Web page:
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1253 posts

Uber Geek
+1 received by user: 160


Topic # 13716 25-May-2007 11:57
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Ok guys, put your Sherlock hats on for this one, I've got a mystery to solve.

Here's the situation, a club has a DSL (through Orcon) at thier clubrooms on an airfield. This is connected oddly enough to a computer. People have complained that they often cannot get on the internet. Whenever I am there it magically works. I'd always put it down to just flakey DSL (I use cable myself). The system runs a weather station and uploads data to the net, I don't check that much but others have said sometimes the data is old.

On Wednesday night after more complaints I decided to go add some more ram, and a web cam I had, Once again, system was working perfectly, I added the ram, and pointed the cam out the window.

Thursday morning I took a look at the cam and the weather at 9:30am, all working sweet. I looked again at 12pm, and to my surprise the last cam and weather update was at just after 10am. At 6:20pm it still wasn't updating, so I figured somebody must have switched off the PC or it crashed or something.

So I drove out there and arrived at just after 7pm. Of course, the computer was running fine, and had just updated the web files! I checked the webcam software and it had snapped pictures all day, so the system wasn't crashed or off, the FTP log of the weather stuff showed it attempting to update but not connecting. The system must have dropped it's DSL between 10am and 7pm.

Today, everything fine until 9:30am, now it's gone again.

So,what could cause an otherwise correctly setup system, which is on 24/7, to lose it's DSL for a number of hours a day? The only thing I can think of is some sort of interference on the line from electrical equipment or something that is getting turned on in the morning and off at night, but unless that equipment is directly connected to the line, I can't imagine it's very likely, and what equipment that is connected to the line would do that and only be switched on during the day?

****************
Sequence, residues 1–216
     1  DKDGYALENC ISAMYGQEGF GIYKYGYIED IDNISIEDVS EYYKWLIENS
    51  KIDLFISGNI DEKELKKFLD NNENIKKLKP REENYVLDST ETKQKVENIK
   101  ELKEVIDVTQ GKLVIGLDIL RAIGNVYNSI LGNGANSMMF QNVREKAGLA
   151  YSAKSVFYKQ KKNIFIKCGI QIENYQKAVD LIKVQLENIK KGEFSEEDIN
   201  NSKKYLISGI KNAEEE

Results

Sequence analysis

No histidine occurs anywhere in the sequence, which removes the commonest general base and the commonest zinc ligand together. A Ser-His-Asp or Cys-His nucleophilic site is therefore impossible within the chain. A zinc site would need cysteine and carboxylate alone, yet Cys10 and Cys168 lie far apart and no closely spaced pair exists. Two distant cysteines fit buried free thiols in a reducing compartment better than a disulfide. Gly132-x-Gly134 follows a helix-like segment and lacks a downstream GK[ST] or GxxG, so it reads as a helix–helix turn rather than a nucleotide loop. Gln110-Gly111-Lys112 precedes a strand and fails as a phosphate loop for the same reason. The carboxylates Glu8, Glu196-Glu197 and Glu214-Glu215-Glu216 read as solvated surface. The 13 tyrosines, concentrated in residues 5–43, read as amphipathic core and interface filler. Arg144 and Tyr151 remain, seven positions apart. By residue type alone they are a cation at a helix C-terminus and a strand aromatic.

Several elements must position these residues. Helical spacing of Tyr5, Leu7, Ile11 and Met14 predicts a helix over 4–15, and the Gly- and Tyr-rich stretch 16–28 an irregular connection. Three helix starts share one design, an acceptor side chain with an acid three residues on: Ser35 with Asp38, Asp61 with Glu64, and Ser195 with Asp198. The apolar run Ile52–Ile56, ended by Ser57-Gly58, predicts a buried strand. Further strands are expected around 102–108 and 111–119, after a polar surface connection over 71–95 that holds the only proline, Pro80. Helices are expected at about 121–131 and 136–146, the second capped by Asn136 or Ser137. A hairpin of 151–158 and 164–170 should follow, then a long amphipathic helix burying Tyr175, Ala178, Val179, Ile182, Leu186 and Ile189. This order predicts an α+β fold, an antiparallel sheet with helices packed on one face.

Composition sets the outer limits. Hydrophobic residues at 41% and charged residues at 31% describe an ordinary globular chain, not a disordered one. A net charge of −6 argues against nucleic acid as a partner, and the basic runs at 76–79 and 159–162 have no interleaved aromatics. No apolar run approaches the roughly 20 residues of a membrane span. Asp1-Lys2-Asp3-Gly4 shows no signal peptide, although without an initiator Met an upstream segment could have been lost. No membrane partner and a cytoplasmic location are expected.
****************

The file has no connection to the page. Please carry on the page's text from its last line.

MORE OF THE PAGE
---
James Sleeman
I sell lots of stuff for electronic enthusiasts...


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325 posts

Ultimate Geek
+1 received by user: 7


  Reply # 72193 25-May-2007 12:14
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 Office phone exchange or fax connected to the same phone line (maybe in another building) would be my bet. Otherwise look at the ADSL router log, if it has one. Servers Alive is useful for monitoring remote servers.

dan

967 posts

Ultimate Geek
+1 received by user: 88


  Reply # 72247 25-May-2007 18:22
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Orcon's site shows the number of disconnections per day next to the usage



1253 posts

Uber Geek
+1 received by user: 160


  Reply # 72251 25-May-2007 18:48
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numfarr: Office phone exchange or fax connected to the same phone line (maybe in another building) would be my bet.


Maybe, there is an extention in another building which I supplied a line filter for, but I guess they may not have installed it. That said though, I would have thought an unfiltered device would only cause a problem when it was actually off-hook, not all the time? I'll have to go have a look at that extention.




---
James Sleeman
I sell lots of stuff for electronic enthusiasts...


325 posts

Ultimate Geek
+1 received by user: 7


  Reply # 72255 25-May-2007 20:09
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 Fax machines especially can do odd things to unfiltered lines even when they are not off-hook. They're not designed for the high frequencies so what looks like an on-hook open circuit to voice frequencies can be a low impedance to DSL frequencies.
Even if there is a filter in place I would try another filter.

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